A complication of diabetes
The study is reported here in the American Journal of Managed Care.

Researchers at the western Massachusetts Reliant Medical Group were interested in knowing whether there was any association between control of blood sugar among persons with diabetes and their health insurance claims expense. Using combined data from their electronic health record (EHR) plus insurance claims, they identified all (continuously enrolled) adults with at least one physician encounter between January 2007 through December 2011 for a diagnosis of diabetes, who also were being treated with metformin and a sulfonylurea drug.  This yielded a population of 2044 patients.

This study had some useful benchmark data for other providers with caring for a similar diabetic population. 27% had an A1C goal of less than 7%, 64% had an A1C goal of less than 8%, 33% had a blood pressure less than 140/90 mm Hg, 68 % had a LDL of less than 100 mg/d, and 34% had a body mass index (BMI) less than 30.

After controlling for age, gender, enrollment date, race, payer type and comorbidities, the researchers found that having a target A1c less than 7% (indicating good diabetes control) was associated with $992 per member per year (PMPY) in savings. There were $1445 PMPY in savings for an A1c less than 8%, and $1218 for a BMI less than 30 - all versus persons who did not achieve those goals.  Just controlling blood pressure, or cholesterol levels did not result in statistically significant savings  

Combining a low A1c, blood pressure control less than 140/90, low LDL cholesterol and BMI in various combinations seemed to result in savings in excess of $2000 per member PMPY.  Most of the savings related to diabetes control appeared in the outpatient category, while most of the savings related to BMI appeared in the inpatient category.

The DMCB's take:

1. Not all persons with diabetes may have a "diabetes" diagnosis in the EHR or a bill submitted to an insurance company that uses that particular code. The DMCB likes this study because it's more likely that a person with diabetes will eventually show up in a 5 year period. Plus, the use of metformin and a sulfonylurea medication makes it easier to accurately capture persons with diabetes.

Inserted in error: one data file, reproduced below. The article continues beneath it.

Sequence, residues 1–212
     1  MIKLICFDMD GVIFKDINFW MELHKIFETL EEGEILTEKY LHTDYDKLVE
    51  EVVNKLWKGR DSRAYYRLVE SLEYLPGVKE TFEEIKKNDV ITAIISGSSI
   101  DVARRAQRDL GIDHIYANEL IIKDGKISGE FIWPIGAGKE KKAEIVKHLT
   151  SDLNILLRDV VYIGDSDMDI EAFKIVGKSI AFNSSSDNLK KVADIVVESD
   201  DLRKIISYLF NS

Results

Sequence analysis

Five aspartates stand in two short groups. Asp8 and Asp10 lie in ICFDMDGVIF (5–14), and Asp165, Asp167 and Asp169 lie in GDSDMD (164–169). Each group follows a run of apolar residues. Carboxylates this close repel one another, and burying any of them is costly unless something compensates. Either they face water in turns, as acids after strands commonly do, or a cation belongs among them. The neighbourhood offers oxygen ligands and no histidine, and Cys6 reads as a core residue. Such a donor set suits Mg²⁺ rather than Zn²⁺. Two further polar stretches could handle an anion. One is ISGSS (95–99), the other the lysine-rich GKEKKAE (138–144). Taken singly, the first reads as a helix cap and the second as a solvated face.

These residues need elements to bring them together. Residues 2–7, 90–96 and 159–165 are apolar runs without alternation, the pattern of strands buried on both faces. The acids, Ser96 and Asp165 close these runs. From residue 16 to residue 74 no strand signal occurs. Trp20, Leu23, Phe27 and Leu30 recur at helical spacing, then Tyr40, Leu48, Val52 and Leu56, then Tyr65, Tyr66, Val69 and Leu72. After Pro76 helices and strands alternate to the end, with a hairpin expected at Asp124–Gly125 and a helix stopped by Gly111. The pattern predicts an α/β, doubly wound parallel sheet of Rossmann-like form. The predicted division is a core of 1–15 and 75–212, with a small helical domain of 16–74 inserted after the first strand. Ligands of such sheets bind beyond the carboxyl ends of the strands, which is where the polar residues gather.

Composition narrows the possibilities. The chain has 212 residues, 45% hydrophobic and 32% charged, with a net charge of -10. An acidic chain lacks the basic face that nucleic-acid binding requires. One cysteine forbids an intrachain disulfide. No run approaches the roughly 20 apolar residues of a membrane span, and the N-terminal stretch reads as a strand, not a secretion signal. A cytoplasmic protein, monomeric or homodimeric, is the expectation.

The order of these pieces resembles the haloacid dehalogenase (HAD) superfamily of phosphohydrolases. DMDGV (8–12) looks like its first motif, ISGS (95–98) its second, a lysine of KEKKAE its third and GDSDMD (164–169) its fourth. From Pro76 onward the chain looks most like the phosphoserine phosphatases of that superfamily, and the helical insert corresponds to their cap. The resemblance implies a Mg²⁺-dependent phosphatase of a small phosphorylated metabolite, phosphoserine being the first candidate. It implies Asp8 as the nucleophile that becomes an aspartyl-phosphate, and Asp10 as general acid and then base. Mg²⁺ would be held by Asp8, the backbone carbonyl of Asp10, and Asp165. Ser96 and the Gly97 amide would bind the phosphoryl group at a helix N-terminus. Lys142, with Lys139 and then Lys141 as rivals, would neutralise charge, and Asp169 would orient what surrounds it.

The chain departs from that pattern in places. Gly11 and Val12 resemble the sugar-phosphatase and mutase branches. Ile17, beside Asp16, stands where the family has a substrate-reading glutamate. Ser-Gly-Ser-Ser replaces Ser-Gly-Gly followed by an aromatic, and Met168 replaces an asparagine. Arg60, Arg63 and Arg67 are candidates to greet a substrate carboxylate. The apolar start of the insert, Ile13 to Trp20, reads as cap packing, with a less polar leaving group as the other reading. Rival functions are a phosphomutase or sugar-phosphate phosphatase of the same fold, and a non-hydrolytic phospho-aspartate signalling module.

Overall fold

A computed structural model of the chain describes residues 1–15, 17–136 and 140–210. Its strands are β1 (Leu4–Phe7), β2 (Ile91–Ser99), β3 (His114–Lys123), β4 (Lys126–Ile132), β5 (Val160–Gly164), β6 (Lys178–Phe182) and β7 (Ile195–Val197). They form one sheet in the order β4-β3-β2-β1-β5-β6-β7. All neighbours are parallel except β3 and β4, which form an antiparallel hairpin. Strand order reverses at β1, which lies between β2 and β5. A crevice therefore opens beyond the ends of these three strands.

2. This is another in a series of observational studies that infers that persons with target control of blood glucose or who are not overweight experience lower claims expense compared to persons with poor control or who are overweight.

3. What this study does not prove is that blood glucose control or weight control causes low insurance claims expense.  Association does not equal causality any more than "white hair" causes heart attacks.  In order to prove causality, persons with diabetes and similar baseline claims would need to be randomly allocated to good vs. bad control of their blood glucoses (or good vs. bad weight) with prospective and simultaneous comparison of the future expenses over time.  That's called a randomized controlled trial.

4. Remember the ACCORD study?  Persons were randomly allocated to tight vs. very tight control of their blood glucoses and the death rate unexpectedly causally went up for persons with very tight control. The DMCB brings that up because, in the AJMC study described above, less tight control of diabetes (A1c less than 8% vs. the target of 7%) was associated with even greater reductions in claims expense.  Is this further evidence that tight control of diabetes leads to problems?

5.  Unexpectedly, blood pressure or LDL control was not independently associated with lower claims expense.  That's important because Accountable Care Organizations that assume blood pressure and cholesterol lowering pill compliance will result in shared savings may need to reconsider.

Ultimately, while this study doesn't prove that successful population health management for diabetes would save money, it's one more piece of evidence pointing in that direction.  Let the studies continue.

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